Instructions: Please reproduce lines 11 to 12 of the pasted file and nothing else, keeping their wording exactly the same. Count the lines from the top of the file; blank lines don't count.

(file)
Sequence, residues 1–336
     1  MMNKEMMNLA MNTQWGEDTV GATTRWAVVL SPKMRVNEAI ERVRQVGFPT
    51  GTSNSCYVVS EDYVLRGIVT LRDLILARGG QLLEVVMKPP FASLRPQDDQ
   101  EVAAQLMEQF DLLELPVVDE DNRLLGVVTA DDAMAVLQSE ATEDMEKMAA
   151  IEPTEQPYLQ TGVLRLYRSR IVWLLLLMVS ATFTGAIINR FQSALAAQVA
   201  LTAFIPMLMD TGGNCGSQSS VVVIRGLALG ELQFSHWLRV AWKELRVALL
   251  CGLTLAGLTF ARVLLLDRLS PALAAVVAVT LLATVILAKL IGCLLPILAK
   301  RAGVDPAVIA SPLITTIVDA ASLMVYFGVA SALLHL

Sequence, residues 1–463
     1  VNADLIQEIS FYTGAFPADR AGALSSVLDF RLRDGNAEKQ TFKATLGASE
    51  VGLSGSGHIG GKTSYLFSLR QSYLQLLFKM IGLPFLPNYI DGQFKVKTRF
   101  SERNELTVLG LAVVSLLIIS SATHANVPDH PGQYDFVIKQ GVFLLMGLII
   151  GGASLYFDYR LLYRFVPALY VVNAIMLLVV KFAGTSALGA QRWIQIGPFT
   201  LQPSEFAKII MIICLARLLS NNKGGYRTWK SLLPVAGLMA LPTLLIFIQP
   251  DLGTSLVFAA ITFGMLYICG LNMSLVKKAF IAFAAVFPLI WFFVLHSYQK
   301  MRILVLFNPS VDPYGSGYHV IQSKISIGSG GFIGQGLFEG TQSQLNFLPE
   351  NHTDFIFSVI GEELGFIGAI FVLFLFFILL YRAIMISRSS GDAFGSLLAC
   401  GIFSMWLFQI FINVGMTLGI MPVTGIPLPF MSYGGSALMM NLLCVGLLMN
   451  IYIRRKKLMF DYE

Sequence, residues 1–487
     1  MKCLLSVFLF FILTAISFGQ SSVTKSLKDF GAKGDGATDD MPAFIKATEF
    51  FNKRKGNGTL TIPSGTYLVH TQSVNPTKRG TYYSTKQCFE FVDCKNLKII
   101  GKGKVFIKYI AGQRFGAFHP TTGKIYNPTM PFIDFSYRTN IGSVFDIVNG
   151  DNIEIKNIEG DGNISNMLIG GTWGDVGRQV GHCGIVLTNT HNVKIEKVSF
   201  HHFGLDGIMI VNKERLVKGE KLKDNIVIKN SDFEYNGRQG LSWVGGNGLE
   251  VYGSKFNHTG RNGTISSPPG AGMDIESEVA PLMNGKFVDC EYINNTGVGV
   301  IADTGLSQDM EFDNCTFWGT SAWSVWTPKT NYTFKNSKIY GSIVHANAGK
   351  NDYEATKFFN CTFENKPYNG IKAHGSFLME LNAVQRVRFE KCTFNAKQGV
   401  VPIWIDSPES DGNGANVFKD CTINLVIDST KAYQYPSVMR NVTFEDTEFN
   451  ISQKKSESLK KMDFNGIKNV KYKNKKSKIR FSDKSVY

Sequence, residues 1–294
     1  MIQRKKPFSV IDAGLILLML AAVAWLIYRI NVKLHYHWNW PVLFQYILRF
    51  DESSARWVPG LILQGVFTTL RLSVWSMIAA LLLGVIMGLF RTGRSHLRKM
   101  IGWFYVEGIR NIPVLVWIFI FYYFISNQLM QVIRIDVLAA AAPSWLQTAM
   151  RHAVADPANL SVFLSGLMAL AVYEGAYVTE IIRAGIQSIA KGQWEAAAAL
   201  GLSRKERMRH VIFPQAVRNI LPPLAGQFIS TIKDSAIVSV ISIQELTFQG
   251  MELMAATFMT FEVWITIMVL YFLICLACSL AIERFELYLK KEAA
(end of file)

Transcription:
    51  VGLSGSGHIG GKTSYLFSLR QSYLQLLFKM IGLPFLPNYI DGQFKVKTRF
   101  SERNELTVLG LAVVSLLIIS SATHANVPDH PGQYDFVIKQ GVFLLMGLII